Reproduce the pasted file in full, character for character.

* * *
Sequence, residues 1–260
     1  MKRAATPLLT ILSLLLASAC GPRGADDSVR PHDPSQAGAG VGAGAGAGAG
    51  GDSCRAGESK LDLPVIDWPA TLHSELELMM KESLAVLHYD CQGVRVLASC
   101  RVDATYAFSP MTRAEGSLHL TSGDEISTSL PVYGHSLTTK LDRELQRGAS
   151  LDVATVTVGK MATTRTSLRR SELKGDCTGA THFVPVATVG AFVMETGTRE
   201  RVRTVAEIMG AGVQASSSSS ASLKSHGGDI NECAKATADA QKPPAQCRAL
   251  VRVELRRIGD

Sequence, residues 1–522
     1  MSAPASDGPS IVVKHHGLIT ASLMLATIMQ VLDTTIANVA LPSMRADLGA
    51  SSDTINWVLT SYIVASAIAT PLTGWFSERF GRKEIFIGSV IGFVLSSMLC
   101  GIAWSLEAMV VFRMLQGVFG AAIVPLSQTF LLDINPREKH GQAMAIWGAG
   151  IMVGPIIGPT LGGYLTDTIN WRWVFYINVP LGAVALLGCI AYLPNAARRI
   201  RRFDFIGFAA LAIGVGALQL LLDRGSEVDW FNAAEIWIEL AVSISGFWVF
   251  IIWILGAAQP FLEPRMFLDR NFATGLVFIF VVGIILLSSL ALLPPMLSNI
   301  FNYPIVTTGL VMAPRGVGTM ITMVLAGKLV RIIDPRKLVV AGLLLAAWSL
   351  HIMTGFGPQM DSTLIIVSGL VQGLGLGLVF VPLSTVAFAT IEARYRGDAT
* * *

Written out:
Sequence, residues 1–260
     1  MKRAATPLLT ILSLLLASAC GPRGADDSVR PHDPSQAGAG VGAGAGAGAG
    51  GDSCRAGESK LDLPVIDWPA TLHSELELMM KESLAVLHYD CQGVRVLASC
   101  RVDATYAFSP MTRAEGSLHL TSGDEISTSL PVYGHSLTTK LDRELQRGAS
   151  LDVATVTVGK MATTRTSLRR SELKGDCTGA THFVPVATVG AFVMETGTRE
   201  RVRTVAEIMG AGVQASSSSS ASLKSHGGDI NECAKATADA QKPPAQCRAL
   251  VRVELRRIGD

Sequence, residues 1–522
     1  MSAPASDGPS IVVKHHGLIT ASLMLATIMQ VLDTTIANVA LPSMRADLGA
    51  SSDTINWVLT SYIVASAIAT PLTGWFSERF GRKEIFIGSV IGFVLSSMLC
   101  GIAWSLEAMV VFRMLQGVFG AAIVPLSQTF LLDINPREKH GQAMAIWGAG
   151  IMVGPIIGPT LGGYLTDTIN WRWVFYINVP LGAVALLGCI AYLPNAARRI
   201  RRFDFIGFAA LAIGVGALQL LLDRGSEVDW FNAAEIWIEL AVSISGFWVF
   251  IIWILGAAQP FLEPRMFLDR NFATGLVFIF VVGIILLSSL ALLPPMLSNI
   301  FNYPIVTTGL VMAPRGVGTM ITMVLAGKLV RIIDPRKLVV AGLLLAAWSL
   351  HIMTGFGPQM DSTLIIVSGL VQGLGLGLVF VPLSTVAFAT IEARYRGDAT